Excel Work Breakdown Structure
A work breakdown structure (WBS) in excel is used to visually represent the ordering of different tasks and project activities, schedule of resources during project planning. It allows us to divide or split the project into more manageable parts by classifying the project tasks into a hierarchy of events that are further split into a series of tasks that are not dependent on any other task for completion. Also, it is used to allocate matching equipment, costs, materials, labour, and time duration for completion of each task.
How to Create a Work Breakdown Structure in Excel?
There are templates available for Work Breakdown Templates in Excel. With these templates, we can create two kinds of work breakdown structure:
This structure looks as follows:
This looks as below:
Step 1: Gathering inputs
Before the creation of WBS, several inputs are required. The inputs of WBS consist of:
- Project Scope Statement: This is a detailed description of the tasks and deliverables of the project
- Statement of Requirements: This is a detailed description of the result that would be delivered
- Organizational Process Assets: This includes policies, guidelines, templates, procedures, plans of the organization
- Project Scope Management Plan: This is a document that helps to understand how changes to the project’s scope can be dealt
Step 2: Gathering Team and Stakeholders
This step involves identifying who can help create the WBS. It requires collaboration with team members. For instance, the team members can help jot down all the tasks for project completion.
Step 3: Determining representation and approach of WBS
The representation could be a tabular view or a tree structure as described above. For instance, for a particular project, the two views of WBS are as follows:
Step 4: Defining the main deliverables and levels
This includes breaking down the main deliverables into additional components and levels. There are three levels in a WBS. The first one is the complete project, the second includes all the deliverables required for project completion, and the third includes division or breakdown of deliverables into smaller parts like work packages. The work packages have a rule associated with them, i.e. they should not be completed in less than 8 or more than 80 hours. This 8/80 rule is applied only to work packages as these are the elements which are assigned to team member along with an assigned deadline.
4.9 (1,353 ratings) 35+ Courses | 120+ Hours | Full Lifetime Access | Certificate of Completion
Step 5: 100% Rule
This rule states that each level of breakdown in the WBS must have all the deliverable elements that represent 100% of its parent deliverable. This rule is essential to ensure that there are no duplicates. For this, it is necessary to ensure that sum of all WBS’s deliverables adds up to 100% of the complete project.100% should be applied to all the sub-levels for optimal results.
Step 6: Numbering Scheme
After defining the WBS components, each component is to be assigned a number that can be referred to as a WBS ID. This represents the location in the WBS structure at which each level of WBS is placed. In the first level, the first number or ID should be 1, and the following components numbered thereafter sequentially. For instance, 1.1 would be assigned for the first sub-level element, 1.1.1 for further sub-level elements. 1.2 would be assigned for another first-level sub-element.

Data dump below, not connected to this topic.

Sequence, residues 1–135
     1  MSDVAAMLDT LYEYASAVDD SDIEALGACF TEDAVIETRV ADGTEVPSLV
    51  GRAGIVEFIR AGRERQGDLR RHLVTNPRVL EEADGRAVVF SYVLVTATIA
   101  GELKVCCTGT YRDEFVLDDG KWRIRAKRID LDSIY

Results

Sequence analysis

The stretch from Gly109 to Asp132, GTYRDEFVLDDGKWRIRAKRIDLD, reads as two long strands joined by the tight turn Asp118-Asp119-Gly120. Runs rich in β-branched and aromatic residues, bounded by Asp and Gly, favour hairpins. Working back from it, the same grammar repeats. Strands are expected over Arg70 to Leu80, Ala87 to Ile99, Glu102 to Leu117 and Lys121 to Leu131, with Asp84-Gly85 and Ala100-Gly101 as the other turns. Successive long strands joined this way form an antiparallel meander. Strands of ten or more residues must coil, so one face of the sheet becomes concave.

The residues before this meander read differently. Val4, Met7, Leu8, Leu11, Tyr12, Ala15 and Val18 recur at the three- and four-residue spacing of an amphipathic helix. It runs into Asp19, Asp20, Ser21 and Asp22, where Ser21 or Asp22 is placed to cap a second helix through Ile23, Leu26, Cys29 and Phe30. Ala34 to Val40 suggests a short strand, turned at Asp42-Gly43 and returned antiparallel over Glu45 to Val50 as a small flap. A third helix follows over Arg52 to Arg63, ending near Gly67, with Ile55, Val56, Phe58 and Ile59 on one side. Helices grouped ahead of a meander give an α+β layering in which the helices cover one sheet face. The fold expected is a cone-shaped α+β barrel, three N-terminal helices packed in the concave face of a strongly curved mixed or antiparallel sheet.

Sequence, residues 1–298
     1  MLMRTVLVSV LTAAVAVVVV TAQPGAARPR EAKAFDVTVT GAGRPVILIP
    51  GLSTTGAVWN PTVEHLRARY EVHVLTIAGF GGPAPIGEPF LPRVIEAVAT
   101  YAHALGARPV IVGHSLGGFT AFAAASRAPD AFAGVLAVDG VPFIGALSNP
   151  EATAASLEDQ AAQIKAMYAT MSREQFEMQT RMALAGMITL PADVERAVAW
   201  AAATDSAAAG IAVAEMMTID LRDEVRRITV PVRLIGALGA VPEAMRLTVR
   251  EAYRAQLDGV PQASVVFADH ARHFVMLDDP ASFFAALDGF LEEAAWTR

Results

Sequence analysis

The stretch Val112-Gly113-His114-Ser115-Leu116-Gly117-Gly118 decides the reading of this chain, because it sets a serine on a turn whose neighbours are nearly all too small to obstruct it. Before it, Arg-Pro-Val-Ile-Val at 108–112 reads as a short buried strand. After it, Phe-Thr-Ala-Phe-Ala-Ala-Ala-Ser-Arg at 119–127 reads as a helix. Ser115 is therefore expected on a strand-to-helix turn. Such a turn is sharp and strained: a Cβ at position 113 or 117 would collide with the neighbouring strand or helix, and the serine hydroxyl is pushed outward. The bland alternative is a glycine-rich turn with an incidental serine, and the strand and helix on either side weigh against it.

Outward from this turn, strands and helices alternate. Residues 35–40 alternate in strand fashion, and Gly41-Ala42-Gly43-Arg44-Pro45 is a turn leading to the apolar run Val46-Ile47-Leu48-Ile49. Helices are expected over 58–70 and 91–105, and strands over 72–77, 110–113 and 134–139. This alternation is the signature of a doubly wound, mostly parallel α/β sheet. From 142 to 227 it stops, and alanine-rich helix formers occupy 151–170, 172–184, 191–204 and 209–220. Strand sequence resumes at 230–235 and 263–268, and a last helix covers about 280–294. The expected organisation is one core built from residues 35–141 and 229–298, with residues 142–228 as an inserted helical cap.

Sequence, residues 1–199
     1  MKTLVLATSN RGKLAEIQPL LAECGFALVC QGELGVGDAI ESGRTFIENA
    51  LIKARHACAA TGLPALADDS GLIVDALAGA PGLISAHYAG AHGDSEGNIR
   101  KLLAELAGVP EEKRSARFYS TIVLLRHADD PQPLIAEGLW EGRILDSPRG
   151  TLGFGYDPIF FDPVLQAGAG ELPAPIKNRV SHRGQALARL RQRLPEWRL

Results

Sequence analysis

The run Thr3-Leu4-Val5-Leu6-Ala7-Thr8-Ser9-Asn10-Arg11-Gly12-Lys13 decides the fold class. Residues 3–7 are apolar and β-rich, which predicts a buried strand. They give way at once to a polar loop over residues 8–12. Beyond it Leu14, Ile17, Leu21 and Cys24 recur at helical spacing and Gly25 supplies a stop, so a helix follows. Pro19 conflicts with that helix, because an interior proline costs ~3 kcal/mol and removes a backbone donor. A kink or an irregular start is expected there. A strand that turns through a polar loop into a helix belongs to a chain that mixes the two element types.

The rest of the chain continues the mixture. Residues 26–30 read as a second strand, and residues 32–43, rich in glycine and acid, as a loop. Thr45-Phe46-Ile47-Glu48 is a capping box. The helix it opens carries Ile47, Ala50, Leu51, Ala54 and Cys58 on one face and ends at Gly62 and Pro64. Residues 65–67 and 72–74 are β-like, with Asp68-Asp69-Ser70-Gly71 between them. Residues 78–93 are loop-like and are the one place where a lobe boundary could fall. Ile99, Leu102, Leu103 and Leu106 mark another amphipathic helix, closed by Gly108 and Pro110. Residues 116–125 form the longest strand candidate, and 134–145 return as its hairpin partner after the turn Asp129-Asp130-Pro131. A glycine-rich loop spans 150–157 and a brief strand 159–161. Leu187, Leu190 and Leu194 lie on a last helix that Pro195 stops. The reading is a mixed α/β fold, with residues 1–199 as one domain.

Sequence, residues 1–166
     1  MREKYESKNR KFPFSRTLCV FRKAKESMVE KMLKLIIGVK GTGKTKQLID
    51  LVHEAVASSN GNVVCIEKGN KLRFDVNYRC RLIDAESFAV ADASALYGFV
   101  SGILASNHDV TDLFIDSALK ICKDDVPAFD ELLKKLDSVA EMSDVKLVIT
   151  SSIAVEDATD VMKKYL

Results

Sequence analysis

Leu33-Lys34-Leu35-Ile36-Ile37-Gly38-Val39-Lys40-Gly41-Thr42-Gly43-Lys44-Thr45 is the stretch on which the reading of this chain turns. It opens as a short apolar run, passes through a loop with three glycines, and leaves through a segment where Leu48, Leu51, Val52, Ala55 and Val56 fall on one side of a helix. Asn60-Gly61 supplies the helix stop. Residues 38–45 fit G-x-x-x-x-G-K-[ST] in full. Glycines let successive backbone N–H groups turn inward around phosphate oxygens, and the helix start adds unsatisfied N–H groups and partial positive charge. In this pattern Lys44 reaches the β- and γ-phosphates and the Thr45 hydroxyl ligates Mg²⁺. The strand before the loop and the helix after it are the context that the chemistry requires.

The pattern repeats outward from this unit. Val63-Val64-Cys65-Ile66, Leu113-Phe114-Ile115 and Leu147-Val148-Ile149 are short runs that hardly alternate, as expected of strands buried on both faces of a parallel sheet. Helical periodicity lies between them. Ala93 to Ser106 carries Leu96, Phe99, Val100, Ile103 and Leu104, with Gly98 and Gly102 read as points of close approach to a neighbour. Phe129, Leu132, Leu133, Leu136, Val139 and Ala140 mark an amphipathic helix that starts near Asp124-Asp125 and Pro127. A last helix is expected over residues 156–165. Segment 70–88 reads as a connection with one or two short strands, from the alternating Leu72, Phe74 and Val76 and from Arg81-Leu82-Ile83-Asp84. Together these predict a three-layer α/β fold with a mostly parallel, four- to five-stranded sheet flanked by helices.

Step 7: WBS Dictionary
This is a document that describes all the elements of WBS.
So after all these steps, a WBS template would like below:
The task descriptions can be indented either manually using the ‘Indent’ buttons on the ‘Home’ tab or using conditional formatting. Also, another approach could be to create a list in which the numbering scheme is also a part of Task Description so that no extra indenting is required.
On decomposing the project, we now set up Excel for accessing or receiving the data. Now let us see below how we can create one such template in Excel:
Step 1: Create the below columns across the top:
- Task ID
- Task Description
- % Completion
- Start Date
- End Date
- Deliver To
Step 2: After the creation of these columns, the cells are to be formatted. First, we format the cell Task ID. To format it, we first highlight the column that is designated for Task ID numbers by clicking on the letter at the top of the column. Right-click on the selected column and then select ‘Format Cells’ -> ‘Number’ and set decimal places to 1. Next, we format column: Predecessor, which will track task dependencies. This is to be set up the same way as ‘Task ID’. ‘Start Date’ and ‘End Date’ are to be set up to accept dates entered.
Step 3: Enter the data.
Step 4: Next we can use conditional formatting for various tasks, for instance, say we wish to highlight tasks that are associated with a particular deliverable, or are assigned to a particular member, or tasks which are due within a given time range
Step 5: We can see also the ‘data bar’ feature to represent a column like ‘% Completion graphically’. This feature can be accessed in the ‘Conditional Formatting’ dropdown.
Things to Remember
- To create an efficient WBS, nouns should be used rather than verbs to keep the focus on deliverables.
- A hierarchy or tree structure should be used for illustrating the relationship of deliverables for the project scope.
- While drilling down through levels of WBS, 100% rule should be followed.
- WBS should be built collaboratively with all the members.
- The top-level of WBS represents the final project.
- Each task duration should not be more than 10 days.
- Each task should be unique, and there should be no duplicates.
- It can help in detailed cost estimation.
This has been a guide to Work Breakdown Structure in Excel. Here we discuss how to create it along with examples and downloadable excel template. You may learn more about financing from the following articles –